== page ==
The AFT quickly hired a consulting firm to survey the campus and feel out the level of support. It determined that Eugene was a good investment (faculty union campaigns can cost upward of a million dollars, though the AFT would not confirm what they have spent here), and sent reps to talk with Vitulli and Lafer. By 2008, the AFT and AAUP had signed a contract to jointly organize the UO faculty into a collective bargaining unit they named United Academics of the University of Oregon. Not long after, AFT organizer Dennis Ziemer flew in and rented out office space above the Red Rooster Barber Shop on East 13th. Organizers set up huge charts to track support in schools and departments across campus, and the fledgling union began to plot its strategy to win over the critical mass of supporters (50 percent of the proposed bargaining unit, plus one) needed to be certified by the state Employment Relations Board and set up the first collective bargaining agreement between faculty and administration in the university’s 130-year history.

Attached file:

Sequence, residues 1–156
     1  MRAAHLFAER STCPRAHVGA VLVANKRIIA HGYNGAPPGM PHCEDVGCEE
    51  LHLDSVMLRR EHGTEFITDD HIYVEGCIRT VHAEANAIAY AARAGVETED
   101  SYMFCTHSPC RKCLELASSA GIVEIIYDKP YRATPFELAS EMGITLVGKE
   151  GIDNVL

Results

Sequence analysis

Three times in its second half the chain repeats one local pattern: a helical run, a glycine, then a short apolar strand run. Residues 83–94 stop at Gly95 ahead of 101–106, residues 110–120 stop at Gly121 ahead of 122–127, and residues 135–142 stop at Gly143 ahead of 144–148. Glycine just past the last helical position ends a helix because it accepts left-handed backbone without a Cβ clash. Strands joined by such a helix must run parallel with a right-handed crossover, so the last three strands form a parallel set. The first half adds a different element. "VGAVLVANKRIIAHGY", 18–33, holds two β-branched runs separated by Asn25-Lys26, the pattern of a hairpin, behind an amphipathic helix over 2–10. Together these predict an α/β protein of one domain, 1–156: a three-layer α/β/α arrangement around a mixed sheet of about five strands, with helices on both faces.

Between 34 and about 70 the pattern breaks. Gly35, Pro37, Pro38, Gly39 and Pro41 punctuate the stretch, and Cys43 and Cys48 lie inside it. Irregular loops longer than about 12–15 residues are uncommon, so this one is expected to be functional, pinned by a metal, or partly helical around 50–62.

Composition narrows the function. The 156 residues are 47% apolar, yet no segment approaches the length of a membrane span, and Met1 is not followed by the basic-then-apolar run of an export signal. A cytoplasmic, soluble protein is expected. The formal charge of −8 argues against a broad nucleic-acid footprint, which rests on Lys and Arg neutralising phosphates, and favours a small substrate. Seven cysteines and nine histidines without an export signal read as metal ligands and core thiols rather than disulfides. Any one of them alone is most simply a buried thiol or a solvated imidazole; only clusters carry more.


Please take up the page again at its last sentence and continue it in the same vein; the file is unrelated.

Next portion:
By 2007, there had already been a number of attempts to get a faculty union going here, but all those efforts had flared out. Grad students had unionized, as had classified employees — but any union sentiment among professors remained vague and unformed, abstract. So what was different this time? For one thing, the march of history.

In 1935, the Wagner Act protected labor’s right to collectively bargain with management, but for many years unions were largely a blue-collar phenomenon, the province of factory hands, electricians, plumbers, coal miners — folks who got their hands dirty at work and whose backs and knees went out too young. Elementary and high school teachers, who often worked under factory-like conditions, had formed unions, but the Ivy Towers long remained apart, immune. Professors studied and chronicled the labor movement, but it didn’t seem to relate to their situation and working conditions. Compared with other workers, professors were doing fine — salaries far higher than national averages, reasonable working hours, comfortable offices, relatively secure positions and an opportunity to pursue their passion for research. Having scored a gig like that, who would want to hazard a clash with management?